the old culture from balinese and all i know will show in this blog

Thursday, 19 June 2008

Bali Temples Guide

A guide to the most important temples in Bali
Besakih Temple (Mother Temple)

Over a thousand years old, Besakih Temple is known as the "Mother Temple of Bali" Perched on the slopes of Mount Agung, at a lofty 1,000 meters (3,000 feet) Besakih is the biggest and holiest of all the Balinese temples. Named after the Dragon God believed to inhabit the mountain, it's said to be the only temple where a Hindu of any caste can worship.

Eighteen separate sanctuaries belonging to different regencies and caste groups surround the three main temples dedicated to Shiva, Brahma and Vishnu. To the Balinese, visiting the temple sanctuaries is a special pilgrimage. The mountain top setting gives it an almost mystical quality.

Steps ascend through split gates to the main courtyard where the Trinity shrines, dedicated to Shiva, Brahma, and Vishnu, are wrapped in cloth and decorated with flower offerings. There are are number of temples but many of their inner courtyards are closed to visitors. If travelling on your own, try reach Pura Besakih before 9am, when many tourist buses start to arrive, so that you can take in the lovely temple in the quiet Balinese morning.

Tanah Lot Temple

The royal Taman Ayun temple was built by one of the last priests to come to Bali from Java in the 16th century. The temple stands on top of a huge rock, surrounded by the sea and is one of Bali's most important sea temples. Tanah Lot pays homage to the guardian spirits of the sea.

Ancient rituals pay homage to the guardian spirits of the sea. Poisonous sea snakes found in the caves at the base of the rocky island are believed to be guardians of the temple, standing virgil against evil spirits and intruders.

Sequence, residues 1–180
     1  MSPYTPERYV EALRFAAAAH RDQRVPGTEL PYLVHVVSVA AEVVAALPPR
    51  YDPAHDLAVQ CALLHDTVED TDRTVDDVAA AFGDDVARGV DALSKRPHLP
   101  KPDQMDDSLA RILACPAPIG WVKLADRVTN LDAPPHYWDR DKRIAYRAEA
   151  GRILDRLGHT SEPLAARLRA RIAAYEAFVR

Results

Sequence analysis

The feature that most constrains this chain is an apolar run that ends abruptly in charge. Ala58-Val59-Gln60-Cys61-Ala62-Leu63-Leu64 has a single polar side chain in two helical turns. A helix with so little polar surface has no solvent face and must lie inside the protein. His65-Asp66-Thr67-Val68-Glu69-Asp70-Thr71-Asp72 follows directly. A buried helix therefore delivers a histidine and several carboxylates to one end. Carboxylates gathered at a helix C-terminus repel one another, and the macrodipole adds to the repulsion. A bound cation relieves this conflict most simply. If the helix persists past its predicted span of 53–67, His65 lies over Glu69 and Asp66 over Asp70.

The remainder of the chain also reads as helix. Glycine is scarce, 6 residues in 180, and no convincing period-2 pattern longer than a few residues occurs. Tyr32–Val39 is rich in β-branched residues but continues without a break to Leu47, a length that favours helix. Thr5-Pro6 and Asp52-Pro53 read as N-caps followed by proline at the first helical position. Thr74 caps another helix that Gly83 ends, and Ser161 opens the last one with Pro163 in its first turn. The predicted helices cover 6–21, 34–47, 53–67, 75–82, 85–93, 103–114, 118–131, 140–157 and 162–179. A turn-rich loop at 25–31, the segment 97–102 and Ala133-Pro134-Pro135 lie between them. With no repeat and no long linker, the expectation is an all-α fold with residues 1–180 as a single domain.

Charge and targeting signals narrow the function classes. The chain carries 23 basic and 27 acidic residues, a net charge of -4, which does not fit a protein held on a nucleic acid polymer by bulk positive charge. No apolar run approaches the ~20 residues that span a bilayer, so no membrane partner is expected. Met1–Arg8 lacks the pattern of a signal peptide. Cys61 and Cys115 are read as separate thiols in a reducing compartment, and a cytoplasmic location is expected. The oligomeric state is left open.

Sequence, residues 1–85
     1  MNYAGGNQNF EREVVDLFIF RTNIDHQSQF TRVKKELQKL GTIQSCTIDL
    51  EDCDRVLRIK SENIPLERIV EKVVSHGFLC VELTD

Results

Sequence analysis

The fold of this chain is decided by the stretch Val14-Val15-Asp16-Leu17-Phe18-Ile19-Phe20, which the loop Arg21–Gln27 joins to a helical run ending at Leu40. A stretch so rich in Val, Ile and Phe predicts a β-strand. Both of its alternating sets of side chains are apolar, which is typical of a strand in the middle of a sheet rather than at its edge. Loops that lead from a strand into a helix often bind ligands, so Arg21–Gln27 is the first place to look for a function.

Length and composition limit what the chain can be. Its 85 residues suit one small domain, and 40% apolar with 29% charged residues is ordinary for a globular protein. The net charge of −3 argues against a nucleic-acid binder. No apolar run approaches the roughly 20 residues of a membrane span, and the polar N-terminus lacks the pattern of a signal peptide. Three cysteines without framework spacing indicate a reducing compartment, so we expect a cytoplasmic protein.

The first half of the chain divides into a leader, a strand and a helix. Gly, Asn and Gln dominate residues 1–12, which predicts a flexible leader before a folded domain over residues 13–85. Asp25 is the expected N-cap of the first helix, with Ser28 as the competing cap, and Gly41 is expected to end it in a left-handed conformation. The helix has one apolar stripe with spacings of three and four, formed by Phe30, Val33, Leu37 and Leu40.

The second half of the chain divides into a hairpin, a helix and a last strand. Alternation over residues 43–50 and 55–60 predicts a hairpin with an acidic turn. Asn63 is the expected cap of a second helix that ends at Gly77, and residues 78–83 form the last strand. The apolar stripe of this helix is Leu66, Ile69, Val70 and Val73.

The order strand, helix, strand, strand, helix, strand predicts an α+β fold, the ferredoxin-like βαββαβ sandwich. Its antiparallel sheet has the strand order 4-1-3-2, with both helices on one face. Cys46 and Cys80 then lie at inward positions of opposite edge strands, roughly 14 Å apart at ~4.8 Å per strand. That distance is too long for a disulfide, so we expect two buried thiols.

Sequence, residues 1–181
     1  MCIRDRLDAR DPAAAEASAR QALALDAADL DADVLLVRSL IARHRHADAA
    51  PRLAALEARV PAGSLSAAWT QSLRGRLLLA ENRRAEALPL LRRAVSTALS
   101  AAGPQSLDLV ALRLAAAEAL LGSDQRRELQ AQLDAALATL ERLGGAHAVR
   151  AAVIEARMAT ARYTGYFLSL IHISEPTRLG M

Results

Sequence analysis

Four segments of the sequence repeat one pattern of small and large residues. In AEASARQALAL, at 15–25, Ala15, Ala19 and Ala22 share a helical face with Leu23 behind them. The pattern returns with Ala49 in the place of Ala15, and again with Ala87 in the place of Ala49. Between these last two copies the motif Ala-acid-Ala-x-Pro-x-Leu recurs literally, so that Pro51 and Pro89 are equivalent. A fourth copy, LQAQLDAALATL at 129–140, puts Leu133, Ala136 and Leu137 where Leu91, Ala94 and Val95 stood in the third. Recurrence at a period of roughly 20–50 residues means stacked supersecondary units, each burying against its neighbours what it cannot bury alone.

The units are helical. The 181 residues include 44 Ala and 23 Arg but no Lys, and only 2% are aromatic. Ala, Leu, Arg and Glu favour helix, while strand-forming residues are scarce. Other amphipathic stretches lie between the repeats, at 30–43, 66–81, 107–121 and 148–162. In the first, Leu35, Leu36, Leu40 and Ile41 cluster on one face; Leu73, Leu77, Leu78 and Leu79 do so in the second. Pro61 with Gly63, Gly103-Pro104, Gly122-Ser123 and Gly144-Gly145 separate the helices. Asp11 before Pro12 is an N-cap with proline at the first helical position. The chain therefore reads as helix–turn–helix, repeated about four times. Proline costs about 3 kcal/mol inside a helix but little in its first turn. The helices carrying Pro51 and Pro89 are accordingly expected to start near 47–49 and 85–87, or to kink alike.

The best time to see Tanah Lot is in the late afternoon when the temple is in silhouette.


Pura Tirta Empul

Built around a sacred spring, Tampak Siring. An inscription dates the spring all the way back to 926AD; and there are fine carvings and Garudas on the courtyard buildings. The temple and its two bathing spots have been used by the Balinese for over a thousand years for good health and prosperity; as the spring water really does have the power to cure! Regular purification ceremonies also take place here.

Tampak Siring artists produce marvellous bone and ivory carvings. Both sites open daily. By public transport from Ubud, catch a bemo north to Tampaksiring from the junction in Bedulu, which is south-east of Ubud.

A little off the main road in Tampaksiring is Gunung Kawi with its group of large stone memorials cut into cliffs on either side of a picturesque river valley. It is believed to date from 11th century, one is of Bali's most impressive sights.

Ulu Danu

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